anti-disposophobia / book-o-phile

20 June 2010

I’ve arrived safe and surprisingly comfortable ( considering I was carrying my heaviest load hitchhiking yet ) in Leuven. And, as a first priority, I’ve given myself the task of junking(1) most of the stuff I had left here. If I didn’t needed it since I’ve been away, I doubt it’s important enough to worry about. I think my favourite physical things are all edible.

My top priorities to go:

  • Furniture. There’s enough  Ikea in the world, I think I can manage finding some without renting a van for my personal copy.* DVD’s, legal computer game copies, printed pictures. Previous century stuff.* About enough computing equipment to start a small business.* Kitchenware. People die all the time, so I’m sure I can find it wherever I go. Exception made for my demi-chef.* And clothes. Yeah, I’m surprised too. I’m no Imelda Marcos, but I could still clothe myself for a couple of weeks. And I would love to see a documentary on Nigeria with a background character wearing one of my several (!) shirt with “Porn Star” written on the front of itI love this process. I think that for people who like stuff, they get a tiny bit of satisfaction from acquiring new trinkets. But when they have to move, or throw away, it’s one big traumatic experience. I’m exaggerating, but I once helped a woman reduce her wardrobe by 30 percent. For me, it feels more like being locked up inside for too long. I can cope with it fine, and it seems necessary. But dissatisfaction creeps in slowly, and once I’m able to get rid of it in a flurry of energy, it feels extremely exhilirating.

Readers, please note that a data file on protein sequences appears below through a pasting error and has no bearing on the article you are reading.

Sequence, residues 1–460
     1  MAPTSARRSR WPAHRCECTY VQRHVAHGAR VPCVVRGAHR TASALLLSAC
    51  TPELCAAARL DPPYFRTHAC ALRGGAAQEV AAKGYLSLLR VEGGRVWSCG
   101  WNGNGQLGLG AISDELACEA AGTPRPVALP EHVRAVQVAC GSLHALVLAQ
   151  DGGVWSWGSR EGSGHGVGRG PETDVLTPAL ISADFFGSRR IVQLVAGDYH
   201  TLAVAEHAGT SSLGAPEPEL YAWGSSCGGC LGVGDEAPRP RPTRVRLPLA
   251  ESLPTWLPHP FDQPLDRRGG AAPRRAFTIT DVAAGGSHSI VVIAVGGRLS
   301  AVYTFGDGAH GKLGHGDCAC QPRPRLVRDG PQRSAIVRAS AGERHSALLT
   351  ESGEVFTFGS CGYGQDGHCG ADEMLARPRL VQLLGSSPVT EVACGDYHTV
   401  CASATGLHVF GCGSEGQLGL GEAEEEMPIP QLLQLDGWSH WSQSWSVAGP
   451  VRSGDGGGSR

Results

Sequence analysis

Despite all this retoric, there’s one I would really would like to put there, and if I did I would be selling my soul. I’m talking about books, of course. Even though eReaders are getting better, I still consider them far inferior to the real thing. Maybe I shouldn’t worry about it, as my computer perfectly reproduces the scratches on old blues records, but somehow I feel like holding on. Maybe it’s because I like to bring one as a gift, and it wouldn’t be the same to send it in an email. Maybe because I secretly like to snoop around people’s bookshelf to see their private life (not having one counts too!). Or maybe it’s because taking an electronic device into the toilet is kind of a milestone.

Happy junking this summer everyone!

If you have some time to spare, be sure to check out the story off the Collyer brothers, the only recorded instance of death by too much stuff. A cautionary tale.

Have you ever noticed that your shit is stuff, and other people stuff is shit?

Bill HicksBill Hicks

(1) Junking in this context means give a way for free if it’s worth it. Probably I could put a couple of things on ebay, but I doubt my possessions are any better than yours.